Ratios for English and Thinking

I’ve been reading Doug Lemov’s wonderful Teach Like a Champion: 49 Techniques that Put Students on the Path to College. It’s not because I want to put more of my students on the path to college necessarily–actually the only students I teach these days are college students. No, I got interested in this book because Mr. Lemov did (and still does) something really interesting. He looked at schools that demographically-speaking should have been doing poorly but were actually excelling and he looked into the classrooms for reasons why. His studies of these outlier teachers (videoing and cataloging their techniques) led to this book.  (I find that much of what he says lines up nicely with what Dylan Wiliam recommends as well –see my posts about his Embedded Formative Assessment). I think he is onto something important for learning and teaching–promoting more thinking and more thinking about thinking. Some might argue that that this is an L1 issue, but I don’t think so. And some might argue that it is a little regimental, but again, I don’t think that is the case with most of the techniques. Instead, I find the bulk of techniques are academically healthy and do not preclude more interactive, humanistic approaches. I also find that many–very many actually–of the techniques can be adaptable for EFL and some can be used just as is. This post is about Ratios, an idea–a lens really–that Mr. Lebov uses to talk about cognitive work, but I think can be useful  to consider in EFL teaching.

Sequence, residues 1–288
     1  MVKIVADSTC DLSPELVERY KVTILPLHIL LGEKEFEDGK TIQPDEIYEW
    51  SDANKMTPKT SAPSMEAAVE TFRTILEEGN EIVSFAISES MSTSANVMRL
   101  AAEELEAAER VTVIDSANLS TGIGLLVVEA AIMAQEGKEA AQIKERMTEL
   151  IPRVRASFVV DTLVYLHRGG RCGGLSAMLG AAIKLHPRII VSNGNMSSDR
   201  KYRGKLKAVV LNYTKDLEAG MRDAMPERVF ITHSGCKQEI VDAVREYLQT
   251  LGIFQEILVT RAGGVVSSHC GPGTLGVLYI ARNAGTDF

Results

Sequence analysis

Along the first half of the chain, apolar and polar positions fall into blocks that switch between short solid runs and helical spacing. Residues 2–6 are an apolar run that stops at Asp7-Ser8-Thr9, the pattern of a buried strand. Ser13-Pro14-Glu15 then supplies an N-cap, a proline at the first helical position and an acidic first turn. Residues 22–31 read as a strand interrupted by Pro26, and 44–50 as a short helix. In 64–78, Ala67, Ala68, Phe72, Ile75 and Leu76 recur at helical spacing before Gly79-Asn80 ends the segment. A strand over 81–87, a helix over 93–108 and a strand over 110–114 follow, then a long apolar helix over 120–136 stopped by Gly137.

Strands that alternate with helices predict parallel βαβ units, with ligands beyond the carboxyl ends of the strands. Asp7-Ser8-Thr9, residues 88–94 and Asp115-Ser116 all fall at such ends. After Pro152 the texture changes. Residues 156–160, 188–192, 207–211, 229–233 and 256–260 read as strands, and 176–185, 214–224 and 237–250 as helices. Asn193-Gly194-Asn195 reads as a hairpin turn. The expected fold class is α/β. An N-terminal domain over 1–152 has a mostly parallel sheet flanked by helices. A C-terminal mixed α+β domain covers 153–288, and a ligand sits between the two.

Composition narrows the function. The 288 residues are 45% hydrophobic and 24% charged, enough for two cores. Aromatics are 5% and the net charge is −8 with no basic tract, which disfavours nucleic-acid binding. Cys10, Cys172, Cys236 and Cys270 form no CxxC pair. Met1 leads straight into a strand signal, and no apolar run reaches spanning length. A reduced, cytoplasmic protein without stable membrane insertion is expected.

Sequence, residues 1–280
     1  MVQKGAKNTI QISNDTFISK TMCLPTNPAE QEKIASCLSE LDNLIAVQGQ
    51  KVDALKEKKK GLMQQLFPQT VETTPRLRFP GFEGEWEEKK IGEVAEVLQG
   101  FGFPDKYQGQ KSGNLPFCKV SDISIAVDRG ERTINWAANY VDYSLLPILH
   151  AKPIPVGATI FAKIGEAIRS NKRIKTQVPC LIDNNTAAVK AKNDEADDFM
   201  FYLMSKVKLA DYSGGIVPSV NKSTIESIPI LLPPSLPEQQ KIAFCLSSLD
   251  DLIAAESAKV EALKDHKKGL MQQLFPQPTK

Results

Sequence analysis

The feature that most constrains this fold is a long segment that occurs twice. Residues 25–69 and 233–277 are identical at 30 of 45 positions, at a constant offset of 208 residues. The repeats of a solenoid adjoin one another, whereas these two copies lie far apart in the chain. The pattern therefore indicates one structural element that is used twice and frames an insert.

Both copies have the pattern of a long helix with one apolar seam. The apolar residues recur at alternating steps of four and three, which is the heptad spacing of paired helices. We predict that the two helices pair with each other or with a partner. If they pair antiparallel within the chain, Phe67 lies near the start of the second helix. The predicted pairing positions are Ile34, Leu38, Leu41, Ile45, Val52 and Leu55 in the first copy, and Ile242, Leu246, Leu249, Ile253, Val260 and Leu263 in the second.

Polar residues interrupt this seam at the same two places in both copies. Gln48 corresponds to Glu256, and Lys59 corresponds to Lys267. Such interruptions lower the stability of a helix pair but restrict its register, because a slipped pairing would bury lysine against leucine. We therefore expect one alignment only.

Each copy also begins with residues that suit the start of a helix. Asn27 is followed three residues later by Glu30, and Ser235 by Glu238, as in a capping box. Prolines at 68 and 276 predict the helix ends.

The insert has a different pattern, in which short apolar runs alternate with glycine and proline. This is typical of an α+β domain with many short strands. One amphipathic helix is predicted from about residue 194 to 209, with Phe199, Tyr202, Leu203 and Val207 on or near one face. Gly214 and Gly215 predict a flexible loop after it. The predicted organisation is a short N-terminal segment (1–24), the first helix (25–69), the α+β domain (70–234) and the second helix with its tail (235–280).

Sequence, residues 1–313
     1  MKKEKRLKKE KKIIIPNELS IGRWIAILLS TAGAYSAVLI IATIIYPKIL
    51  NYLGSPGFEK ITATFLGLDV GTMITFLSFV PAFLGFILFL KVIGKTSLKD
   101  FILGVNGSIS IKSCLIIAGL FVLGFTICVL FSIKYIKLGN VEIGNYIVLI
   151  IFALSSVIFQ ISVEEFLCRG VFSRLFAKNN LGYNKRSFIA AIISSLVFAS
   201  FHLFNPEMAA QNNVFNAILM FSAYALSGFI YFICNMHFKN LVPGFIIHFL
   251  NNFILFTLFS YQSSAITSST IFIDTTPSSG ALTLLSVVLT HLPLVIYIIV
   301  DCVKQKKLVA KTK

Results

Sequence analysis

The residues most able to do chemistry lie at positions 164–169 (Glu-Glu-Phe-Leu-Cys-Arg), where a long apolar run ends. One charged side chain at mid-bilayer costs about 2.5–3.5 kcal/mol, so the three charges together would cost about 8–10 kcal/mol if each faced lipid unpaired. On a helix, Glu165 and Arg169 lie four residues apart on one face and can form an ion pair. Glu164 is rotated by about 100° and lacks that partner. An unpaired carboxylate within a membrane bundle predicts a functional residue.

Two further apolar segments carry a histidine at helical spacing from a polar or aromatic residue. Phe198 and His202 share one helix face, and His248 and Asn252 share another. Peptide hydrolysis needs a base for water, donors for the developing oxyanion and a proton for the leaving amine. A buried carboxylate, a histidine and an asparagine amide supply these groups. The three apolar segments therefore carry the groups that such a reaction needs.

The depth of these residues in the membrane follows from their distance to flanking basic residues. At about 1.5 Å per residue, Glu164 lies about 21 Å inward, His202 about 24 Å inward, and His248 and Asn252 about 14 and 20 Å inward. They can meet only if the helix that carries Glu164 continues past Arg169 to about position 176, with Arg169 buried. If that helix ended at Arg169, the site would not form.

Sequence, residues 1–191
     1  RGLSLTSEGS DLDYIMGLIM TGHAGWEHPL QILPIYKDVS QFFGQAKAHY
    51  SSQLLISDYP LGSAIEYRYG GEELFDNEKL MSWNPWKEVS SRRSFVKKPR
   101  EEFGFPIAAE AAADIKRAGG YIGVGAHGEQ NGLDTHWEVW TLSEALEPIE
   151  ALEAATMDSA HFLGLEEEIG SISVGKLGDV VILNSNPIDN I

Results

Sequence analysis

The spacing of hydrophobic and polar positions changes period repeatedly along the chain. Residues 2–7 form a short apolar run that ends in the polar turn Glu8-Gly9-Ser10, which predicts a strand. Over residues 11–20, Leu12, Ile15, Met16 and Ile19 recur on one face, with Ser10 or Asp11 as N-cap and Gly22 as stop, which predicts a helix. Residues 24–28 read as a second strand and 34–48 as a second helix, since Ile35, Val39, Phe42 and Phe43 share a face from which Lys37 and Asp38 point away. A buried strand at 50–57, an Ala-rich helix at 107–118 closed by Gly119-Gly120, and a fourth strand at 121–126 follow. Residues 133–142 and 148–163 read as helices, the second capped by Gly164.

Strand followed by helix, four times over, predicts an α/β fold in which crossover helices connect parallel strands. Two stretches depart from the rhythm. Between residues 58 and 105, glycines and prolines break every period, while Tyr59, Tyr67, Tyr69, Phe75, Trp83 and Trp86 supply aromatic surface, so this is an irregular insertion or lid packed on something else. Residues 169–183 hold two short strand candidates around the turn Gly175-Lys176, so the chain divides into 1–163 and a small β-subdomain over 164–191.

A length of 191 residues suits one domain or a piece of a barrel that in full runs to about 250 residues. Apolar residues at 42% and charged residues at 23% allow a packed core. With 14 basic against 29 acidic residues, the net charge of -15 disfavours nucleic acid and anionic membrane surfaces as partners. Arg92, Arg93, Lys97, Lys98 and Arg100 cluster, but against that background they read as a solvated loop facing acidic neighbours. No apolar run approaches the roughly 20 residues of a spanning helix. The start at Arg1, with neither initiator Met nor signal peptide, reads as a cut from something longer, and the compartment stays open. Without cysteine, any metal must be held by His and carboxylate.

The Ministry of Education, Culture, Sports, Science & Technology (MEXT) has been pushing for greater use of English in the classroom these last few years but especially starting this year in high school. Many teachers accept this and are trying to follow this directive to some degree; but many teachers have already decided they’ll be using much less English than MEXT wants. At my institute, we’ll be observing classes and measuring the percentage of English teachers use with students to produce a ratio. Some teachers will try to up the percentage of English they use in the classroom while we are there, no doubt. Some will just go ahead and teach the way they’ve always been teaching, explaining things in Japanese mostly. The simple ratio of English to Japanese used in the classroom is too simplistic, some teachers argue. Some things are more efficiently taught in Japanese, some say. Students won’t understand if English is used, some say. They’ll complain and shut down, some complain. But the official MEXT line is for teachers to just do it and let the pieces fall where they may. And it was with this English-in-English issue on a back burner in my mind that I came across the technique labelled Ratio in the Structuring and Delivering Your Lessons section of Mr. Lemov’s book.  Mr. Lemov has a lot to say about ratios, not in language teaching, but in thinking teaching.